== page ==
Crucial Conversations CRIB Method: Tips for Staying Focused

This article is an excerpt from the Shortform summary of "Crucial Conversations" by Kerry Patterson. Shortform has the world's best summaries of books you should be reading.

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What is the Crucial Conversations CRIB acronym? What does CRIB stand for, and what does it mean?

In crucial conversations, CRIB is a way to take a step back from the conversation when it goes off track. The Crucial Conversations CRIB technique can help you regain your footing, and create a path forward.

Make the Content Safe

We’ve all been part of conversations in which we didn’t feel safe to say what was on our mind. This article explains what to do to fix that. This is the Crucial Conversations CRIB technique, and the basic steps in brief are:

  1. Step away from the content of the conversation.
  2. Determine whether mutual purpose or mutual respect is at risk.
  3. Restore safety by restoring mutual purpose or respect (Use skills: apologize, contrast, rebuild mutual purpose; or, if you don’t already have a mutual purpose, create one using CRIB: Commit, Respect, Invent, Brainstorm).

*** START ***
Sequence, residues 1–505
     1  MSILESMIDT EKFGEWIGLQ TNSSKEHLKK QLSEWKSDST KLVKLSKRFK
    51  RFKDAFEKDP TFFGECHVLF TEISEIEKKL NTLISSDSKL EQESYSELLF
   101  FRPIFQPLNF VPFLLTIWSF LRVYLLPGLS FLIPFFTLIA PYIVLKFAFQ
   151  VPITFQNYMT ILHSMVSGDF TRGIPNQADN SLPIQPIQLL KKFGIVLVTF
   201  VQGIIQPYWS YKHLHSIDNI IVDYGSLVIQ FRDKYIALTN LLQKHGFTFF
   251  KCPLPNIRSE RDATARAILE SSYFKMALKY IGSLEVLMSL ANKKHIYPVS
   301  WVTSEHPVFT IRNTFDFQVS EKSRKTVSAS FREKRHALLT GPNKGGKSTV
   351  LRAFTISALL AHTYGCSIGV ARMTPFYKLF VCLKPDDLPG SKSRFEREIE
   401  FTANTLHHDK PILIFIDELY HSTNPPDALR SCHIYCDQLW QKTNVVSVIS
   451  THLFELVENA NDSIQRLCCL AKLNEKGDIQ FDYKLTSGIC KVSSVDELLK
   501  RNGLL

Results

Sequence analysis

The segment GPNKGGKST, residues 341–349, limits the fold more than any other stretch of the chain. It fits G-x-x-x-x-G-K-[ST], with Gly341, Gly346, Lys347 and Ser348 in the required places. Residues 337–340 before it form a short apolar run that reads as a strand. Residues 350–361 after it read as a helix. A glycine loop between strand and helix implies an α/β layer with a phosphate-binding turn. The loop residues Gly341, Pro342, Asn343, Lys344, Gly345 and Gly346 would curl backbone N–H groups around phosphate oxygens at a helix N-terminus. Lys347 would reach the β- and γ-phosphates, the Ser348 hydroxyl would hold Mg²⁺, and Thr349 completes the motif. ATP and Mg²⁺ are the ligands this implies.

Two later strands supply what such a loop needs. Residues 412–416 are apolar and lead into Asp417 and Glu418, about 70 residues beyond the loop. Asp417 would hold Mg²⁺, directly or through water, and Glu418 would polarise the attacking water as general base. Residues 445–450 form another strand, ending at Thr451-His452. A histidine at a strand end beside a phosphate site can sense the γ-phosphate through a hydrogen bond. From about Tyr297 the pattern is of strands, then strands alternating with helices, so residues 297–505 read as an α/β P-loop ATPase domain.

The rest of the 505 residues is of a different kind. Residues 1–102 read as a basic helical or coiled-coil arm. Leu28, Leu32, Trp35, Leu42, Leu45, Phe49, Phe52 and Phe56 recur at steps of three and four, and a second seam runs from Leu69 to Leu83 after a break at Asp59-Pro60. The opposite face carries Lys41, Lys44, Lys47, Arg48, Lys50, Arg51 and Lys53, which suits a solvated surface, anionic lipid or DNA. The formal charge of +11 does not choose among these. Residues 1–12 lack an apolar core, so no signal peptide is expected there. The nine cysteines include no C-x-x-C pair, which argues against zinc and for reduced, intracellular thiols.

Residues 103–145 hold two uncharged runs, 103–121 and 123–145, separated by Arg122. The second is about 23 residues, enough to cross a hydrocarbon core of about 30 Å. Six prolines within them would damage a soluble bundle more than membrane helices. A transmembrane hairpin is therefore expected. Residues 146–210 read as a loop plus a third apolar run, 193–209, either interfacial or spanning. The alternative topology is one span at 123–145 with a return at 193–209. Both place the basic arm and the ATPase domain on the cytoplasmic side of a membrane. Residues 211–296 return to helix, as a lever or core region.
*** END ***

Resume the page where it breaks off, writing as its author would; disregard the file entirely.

4. Rejoin the conversation: Return to the issue at hand.

Here’s a look at each step in detail.

Create a Mutual Purpose

Sometimes you end up in a debate because purposes differ. You could ignore the problem and push ahead, give up and let others have their way, or strike a messy compromise. However, the best approach is to back up and create a shared purpose by using four skills with the Crucial Conversations CRIB acronym: Commit, Recognize, Invent, Brainstorm.

C: Commit

Commit is the first part of the Crucial Conversations CRIB acronym. Commit to seeking a mutual purpose. Commit to staying in conversation until the parties come up with a purpose everyone shares. Give up your belief that your choice is the best — there may be a different choice that suits everyone. Verbalize your commitment to finding a shared purpose, even if someone else seems committed to winning. Your commitment builds safety so others can feel more confident and participate.

R: Recognize

Recognize the purpose behind the strategy: When you’re asking for something and the other person is asking for something else, you’re focused on strategy rather than what you really want. Refocusing on what you really want can help create a mutual purpose. With CRIB, crucial conversations can be seen as beneficial.

For example, one person wants to stay at home and the other wants to go out. These are strategies to achieve something else (a purpose that each person has). The two purposes are: to spend time together away from the kids; and to have some peace and quiet rather than running around. Their mutual purpose could be: Find something to do that is quiet and away from kids. With a mutual purpose, it will be easier to agree on a strategy.

You can break an impasse by asking, “Why do you want to do that?” Before you can agree on a mutual purpose, you need to know what people’s real purposes are. Step away from the content of the conversation, which is typically focused on strategies, and explore the purposes behind them.